‘Eye-opening’ results from Social Knowledge Networking study completed at AU Health

four people sitting at a table.
The SKN project team: From left to right, Marjorie Phillips, RPh; Pavani Rangachari, PhD; Joshua Wyche, PharmD; Margaret Oates, PharmD

Back in fall of 2016, researchers at Augusta University were awarded a grant of $299,996 from the Agency for Healthcare Research and Quality (AHRQ) for a collaborative research project: “Using Social Knowledge Networking (SKN) Technology to Enable Meaningful Use of EHR Medication Reconciliation (MedRec) Technology.”

The goal was to enable knowledge exchange and learning related to best practices in EHR MedRec among different provider groups such as physicians, nurses and pharmacists, based in inpatient and outpatient settings of care.

It was “eye-opening” to discover through this project that an SKN system had potential to enable more effective use of the EHR MedRec system through interprofessional learning of best practices, according to Dr. Pavani Rangachari, a professor in the Public Health Program at the College of Allied Sciences.

This suggested that in the longer term, an SKN system would have potential to reduce medication errors and promote patient safety during transitions of care, Rangachari said, by enabling more meaningful use of the EHR MedRec system by health care providers. Rangachari worked with a team of AU Health medical staff and the IT division to create the SKN system.

“The EHR MedRec System needs to be used effectively by providers to ensure that chronic disease patients on multiple medications are provided with accurate active medication lists during transitions of care,” Rangachari said. “Oftentimes, many communications related to the patient’s medications occur outside of the electronic context, and it usually happens between the provider and the patient just to take care of that one encounter, which really defeats the purpose because then, information is missed in the system not only for the patient’s family and caregivers, but more importantly, for the next providers of care.”

Here were the key takeaways in regard to strategies for successful implementation of best practices in health care organizations, according to a recently-published article from the two-year pilot study:

  1. At the start of any effort to implement best practices, create a knowledge sharing and learning mechanism (e.g., SKN) among a critical mass of providers, expected to implement practice changes. The mechanism should facilitate tacit knowledge exchange on issues experienced with current practices, as well as possible resolutions to those issues.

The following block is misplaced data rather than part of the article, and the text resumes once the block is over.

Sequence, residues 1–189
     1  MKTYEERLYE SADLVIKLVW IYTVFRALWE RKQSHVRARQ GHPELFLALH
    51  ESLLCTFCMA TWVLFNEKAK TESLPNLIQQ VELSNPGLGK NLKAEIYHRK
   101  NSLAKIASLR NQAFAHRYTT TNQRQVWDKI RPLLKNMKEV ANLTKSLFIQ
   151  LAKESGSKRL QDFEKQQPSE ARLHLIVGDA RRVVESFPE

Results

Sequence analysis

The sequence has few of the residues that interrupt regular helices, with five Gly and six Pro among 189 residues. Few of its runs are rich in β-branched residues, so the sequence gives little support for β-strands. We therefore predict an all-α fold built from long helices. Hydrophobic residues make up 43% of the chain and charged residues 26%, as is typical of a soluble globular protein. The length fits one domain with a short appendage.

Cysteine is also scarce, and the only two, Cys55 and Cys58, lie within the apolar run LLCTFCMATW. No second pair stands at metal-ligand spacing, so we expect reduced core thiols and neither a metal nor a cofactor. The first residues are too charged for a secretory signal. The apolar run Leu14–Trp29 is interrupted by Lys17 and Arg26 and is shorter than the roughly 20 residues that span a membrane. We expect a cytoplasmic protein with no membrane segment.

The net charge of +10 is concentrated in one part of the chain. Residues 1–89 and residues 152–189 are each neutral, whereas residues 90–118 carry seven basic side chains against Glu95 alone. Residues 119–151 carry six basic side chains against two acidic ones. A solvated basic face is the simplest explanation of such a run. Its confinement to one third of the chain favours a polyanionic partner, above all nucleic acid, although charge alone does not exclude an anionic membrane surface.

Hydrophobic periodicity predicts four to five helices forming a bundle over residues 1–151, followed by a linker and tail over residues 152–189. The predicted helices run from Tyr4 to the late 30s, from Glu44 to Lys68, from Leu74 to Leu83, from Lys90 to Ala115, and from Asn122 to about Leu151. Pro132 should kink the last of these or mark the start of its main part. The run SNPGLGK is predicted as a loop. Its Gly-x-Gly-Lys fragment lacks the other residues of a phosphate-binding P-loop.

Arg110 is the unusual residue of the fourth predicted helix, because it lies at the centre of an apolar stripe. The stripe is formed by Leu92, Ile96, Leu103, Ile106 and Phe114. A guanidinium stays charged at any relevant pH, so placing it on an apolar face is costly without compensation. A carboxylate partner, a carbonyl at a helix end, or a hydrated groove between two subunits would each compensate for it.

2. Conduct proactive, periodic communications (from senior leadership) on benefits of adhering to best practices and consequences of not adhering to them.
  3. Create shared understanding of the value of best practices (i.e., the link between practices and outcomes) or the answer to the question of “why” practices need to change, to gain provider engagement in changing practices, before embarking on IT-training of providers to address sociotechnical challenges.
  4. Develop capacity to collect, analyze, and disseminate data on best-practice measures among providers to promote a scientific (research-based) approach to learning and improvement.
  5. Enable champions for change to emerge from among providers, to voice the need for culture change for enabling successful best-practice implementation; and reinforce these messages with proactive, periodic communication from senior leadership.
  6. Create a “learning health system” by synthesizing lessons learned to facilitate “collective learning (aha) moments” across provider subgroups and care settings; and encourage providers to spread the learning within the broader institution. Management research has suggested framing practice issues as a “learning challenge” rather than a “performance challenge,” and addressing them in the form of non-threatening pilot research projects, to engage providers in improvement. This project fulfilled both criteria to demonstrate meaningful results. This suggests that other health systems could also benefit from developing similar capabilities to become “learning health systems.”

Results from this pilot study have also been accepted for PubMed-indexed publication and oral presentation at the 2019 American Medical Informatics Association (AMIA) Annual Symposium Proceedings, to be held in Washington, D.C., in November 2019; and another publication from this project has been incorporated into the National Patient Safety Network (PS Net) maintained by AHRQ.

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Written by
Henry Hanks

Henry Hanks is Senior News & Communications Coordinator at Augusta University. Contact him to schedule an interview on this topic or with one of our experts at 706-522-3023 or hehanks@augusta.edu.

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Written by Henry Hanks

Jagwire is your source for news and stories from Augusta University. Daily updates highlight the many ways students, faculty, staff, researchers and clinicians "bring their A games" in classrooms and clinics on four campuses in Augusta and locations across the state of Georgia.

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